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Nesting eagles add twist to battle with Wal-Mart

A pair of bald eagles have been seen in this nest on property alongside the Anclote River where Wal-Mart wants to build.

JIM DAMASKE | Times

A pair of bald eagles have been seen in this nest on property alongside the Anclote River where Wal-Mart wants to build.

TARPON SPRINGS — What has been a fierce battle between Wal-Mart officials planning to build a new supercenter and Tarpon Springs residents bent on preserving land on the Anclote River just got more complicated.

Nature has thrown a punch of its own.

A bald eagle pair has built a sturdy and federally protected nest on the property.

For the birds, it's an ideal site: a live pine tree with branches that twist under the nest to support it, a river with clear water to fish and not much disturbance nearby.

But it's less than 200 feet from the walls of a planned nearly 5-acre Wal-Mart supercenter. On site plans, the nesting tree appears to be in the store's parking lot, and slated for removal.

Tuesday, a Wal-Mart official said this is not the first time they have discovered an active bald eagle nest on property they were developing. So they know what's required and how to work with the agencies involved. They can do it this time, too.

Others see the nest as more of a stumbling block.

Mayor Beverley Billiris said the agencies that protect the eagles will have to weigh in and advise the parties involved. One thing she will not vote for, she said, is another all-night meeting when the City Commission takes up the site plans Tuesday. "Maybe the eagle will settle the whole thing," she said. "I think nature will be the one that will have the last say in it. That's almost comical."

Dory Larsen, president of Concerned Citizens of Tarpon Springs, a group that has worked to stop Wal-Mart and protect the river, hopes the eagles make a big difference to her cause.

"It's beyond fantastic news," she said. "I am just e-l-a-t-e-d."

The eagles have been carrying sticks to the nest, perching in or near the live pine, flying back and forth together, said Barb Walker of East Lake, an Audubon of Florida Eaglewatcher who has been watching and documenting the nest.

Although bald eagles are no longer on the list of threatened and endangered species, they are still protected by the Migratory Bird Treaty Act and the Bald and Golden Eagle Protection Act. The laws prohibit killing, selling or otherwise harming eagles, their nests or eggs.

"We've been aware since spring that there are eagles on the site," said Quenta Vettel, a Wal-Mart spokeswoman. "We have an environmental engineer who monitors the site on a regular basis."

The company has faced this situation before.

"This isn't part of the city's purview," she said. "Once we have site plan approval and all the permits that will be required to start clearing and construction, then you begin working with the appropriate agencies to make sure you protect the nest and the eagles."

The big box retailer got City Commission approval for its site plan in January 2005, but has faced several delays due to permitting missteps and challenges to its revised site plan.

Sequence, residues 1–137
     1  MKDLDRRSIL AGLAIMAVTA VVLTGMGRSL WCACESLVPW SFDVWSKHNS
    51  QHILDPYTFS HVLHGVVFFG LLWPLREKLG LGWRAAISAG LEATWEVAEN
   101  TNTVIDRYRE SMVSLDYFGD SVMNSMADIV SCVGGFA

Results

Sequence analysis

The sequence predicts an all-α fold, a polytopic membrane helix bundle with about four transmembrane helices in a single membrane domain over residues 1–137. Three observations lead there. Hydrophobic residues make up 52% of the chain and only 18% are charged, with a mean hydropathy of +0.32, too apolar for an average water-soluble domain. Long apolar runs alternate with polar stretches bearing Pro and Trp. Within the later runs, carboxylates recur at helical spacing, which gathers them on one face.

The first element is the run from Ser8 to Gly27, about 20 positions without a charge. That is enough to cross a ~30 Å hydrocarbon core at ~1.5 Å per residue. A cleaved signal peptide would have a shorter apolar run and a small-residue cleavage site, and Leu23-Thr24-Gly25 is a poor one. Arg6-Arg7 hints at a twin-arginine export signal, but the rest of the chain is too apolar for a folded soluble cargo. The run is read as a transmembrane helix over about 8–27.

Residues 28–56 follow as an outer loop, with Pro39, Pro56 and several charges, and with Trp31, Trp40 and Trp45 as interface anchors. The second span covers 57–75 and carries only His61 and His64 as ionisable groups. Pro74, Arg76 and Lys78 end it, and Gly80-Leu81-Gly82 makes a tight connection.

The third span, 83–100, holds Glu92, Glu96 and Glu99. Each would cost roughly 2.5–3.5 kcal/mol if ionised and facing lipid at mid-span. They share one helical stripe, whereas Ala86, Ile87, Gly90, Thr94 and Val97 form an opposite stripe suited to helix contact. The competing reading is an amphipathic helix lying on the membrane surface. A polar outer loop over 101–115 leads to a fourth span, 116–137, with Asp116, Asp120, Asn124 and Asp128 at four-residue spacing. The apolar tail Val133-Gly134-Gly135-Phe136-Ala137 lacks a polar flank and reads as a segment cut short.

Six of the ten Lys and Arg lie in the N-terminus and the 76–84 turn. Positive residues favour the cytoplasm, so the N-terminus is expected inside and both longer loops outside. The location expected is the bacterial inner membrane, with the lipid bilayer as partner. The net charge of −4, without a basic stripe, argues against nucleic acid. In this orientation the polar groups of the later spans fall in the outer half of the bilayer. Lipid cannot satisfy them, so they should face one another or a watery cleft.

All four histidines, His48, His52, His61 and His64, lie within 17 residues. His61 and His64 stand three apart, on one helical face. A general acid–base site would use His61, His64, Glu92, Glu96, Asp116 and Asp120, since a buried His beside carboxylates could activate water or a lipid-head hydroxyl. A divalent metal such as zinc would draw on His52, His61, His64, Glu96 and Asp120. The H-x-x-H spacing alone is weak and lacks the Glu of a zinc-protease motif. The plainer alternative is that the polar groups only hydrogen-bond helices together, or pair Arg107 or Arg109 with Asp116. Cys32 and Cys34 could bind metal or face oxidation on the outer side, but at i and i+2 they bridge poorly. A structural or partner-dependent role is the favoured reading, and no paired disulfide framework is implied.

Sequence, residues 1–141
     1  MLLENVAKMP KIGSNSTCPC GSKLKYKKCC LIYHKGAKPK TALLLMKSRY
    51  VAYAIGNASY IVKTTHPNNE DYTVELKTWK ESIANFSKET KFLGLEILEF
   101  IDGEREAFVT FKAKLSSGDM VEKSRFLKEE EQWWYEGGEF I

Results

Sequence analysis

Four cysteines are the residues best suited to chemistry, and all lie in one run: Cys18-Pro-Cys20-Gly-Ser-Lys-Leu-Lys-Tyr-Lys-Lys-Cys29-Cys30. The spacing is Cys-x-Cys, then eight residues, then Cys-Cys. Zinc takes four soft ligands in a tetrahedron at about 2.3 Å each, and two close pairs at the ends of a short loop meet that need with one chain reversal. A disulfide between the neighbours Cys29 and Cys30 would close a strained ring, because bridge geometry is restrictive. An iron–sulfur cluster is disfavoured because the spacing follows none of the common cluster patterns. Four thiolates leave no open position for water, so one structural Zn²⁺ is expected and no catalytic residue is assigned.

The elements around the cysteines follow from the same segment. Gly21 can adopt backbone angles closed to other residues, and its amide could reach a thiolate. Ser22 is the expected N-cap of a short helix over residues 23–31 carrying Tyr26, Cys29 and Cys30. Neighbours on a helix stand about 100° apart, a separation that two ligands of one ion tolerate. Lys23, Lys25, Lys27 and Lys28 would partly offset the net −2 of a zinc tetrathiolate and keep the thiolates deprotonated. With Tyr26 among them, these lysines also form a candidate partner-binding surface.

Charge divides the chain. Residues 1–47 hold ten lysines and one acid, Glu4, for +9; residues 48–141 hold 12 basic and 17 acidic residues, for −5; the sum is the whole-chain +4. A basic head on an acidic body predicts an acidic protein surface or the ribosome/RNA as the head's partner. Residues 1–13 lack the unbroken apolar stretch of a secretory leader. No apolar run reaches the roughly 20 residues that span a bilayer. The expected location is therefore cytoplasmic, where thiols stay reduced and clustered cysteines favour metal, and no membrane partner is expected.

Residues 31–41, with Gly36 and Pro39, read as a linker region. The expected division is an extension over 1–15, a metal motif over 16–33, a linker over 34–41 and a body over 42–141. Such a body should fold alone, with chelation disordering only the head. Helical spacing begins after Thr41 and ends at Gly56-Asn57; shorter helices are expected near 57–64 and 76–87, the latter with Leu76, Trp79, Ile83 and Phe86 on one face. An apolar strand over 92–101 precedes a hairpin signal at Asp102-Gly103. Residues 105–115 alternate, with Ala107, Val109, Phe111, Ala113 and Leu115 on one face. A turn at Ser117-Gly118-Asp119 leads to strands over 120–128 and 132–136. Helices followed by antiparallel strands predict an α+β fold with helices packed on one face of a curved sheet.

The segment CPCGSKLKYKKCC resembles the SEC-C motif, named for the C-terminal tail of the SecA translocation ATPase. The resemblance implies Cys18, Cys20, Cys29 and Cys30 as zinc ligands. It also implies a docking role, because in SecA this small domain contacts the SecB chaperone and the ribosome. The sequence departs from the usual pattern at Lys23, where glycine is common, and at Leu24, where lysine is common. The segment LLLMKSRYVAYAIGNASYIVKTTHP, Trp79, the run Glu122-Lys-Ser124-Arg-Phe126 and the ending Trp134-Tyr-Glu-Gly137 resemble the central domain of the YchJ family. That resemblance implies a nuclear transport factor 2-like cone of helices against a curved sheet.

Most recently, the city's Board of Adjustment ruled changes to Wal-Mart's site plan required further study by city officials. The city's Planning and Zoning Board is set to finish its hearing on the proposed changes on Thursday. Next week, the commission will vote on whether to approve or deny the changes.

If Wal-Mart gets to build the supercenter, it will have to jump through some big hoops. And the Florida Fish and Wildlife Conservation Commission will be holding up quite a few.

The state has a complicated web of rules for the management of bald eagles that suggests measures that can help to mitigate for development.

Ulgonda Kirkpatrick, a wildlife biologist who coordinates the state's eagle plan, said she didn't yet know all the specifics on the new eagle nest Tuesday, but it sounded like the nest would be classified as a category B project. That would mean no construction activity within 660 feet of the nest during nesting season without a state permit.

This morning, two wildlife biologists from the Florida Fish and Wildlife Conservation Commission are scheduled to meet with Walker, the eaglewatcher. They will look through a powerful scope to verify the active nest.

Times Staff Writer Rita Farlow contributed to this story. Theresa Blackwell can be reached at tblackwell@sptimes.com or (727) 445-4170.

Meetings planned

The Tarpon Springs Planning and Zoning Board will reconvene their meeting on Wal-Mart's proposed site plan changes at 7 p.m. Thursday at City Hall, 324 E Pine St. The City Commission considers the site plan again next week (Oct. 21 and 22) at City Hall.

Bald eagle nesting

Bald eagles mate for life, living near rivers, lakes and marshes where they can find fish. The official nesting season is from Oct. 1 through May 15. In the tops of trees, the eagle pair builds a nest that may reach 10 feet across and weigh up to a ton. They typically lay one to three eggs. In Florida, for every two eaglets that hatch, 1.5 will survive long enough to leave the nest. Though some bald eagles go north for the summer, they return to the same nest, adding new branches each year.

Sources: Florida Fish and Wildlife Conservation Commission and U.S. Fish and Wildlife Service

Nesting eagles add twist to battle with Wal-Mart 10/14/08 [Last modified: Tuesday, February 23, 2010 1:17am]
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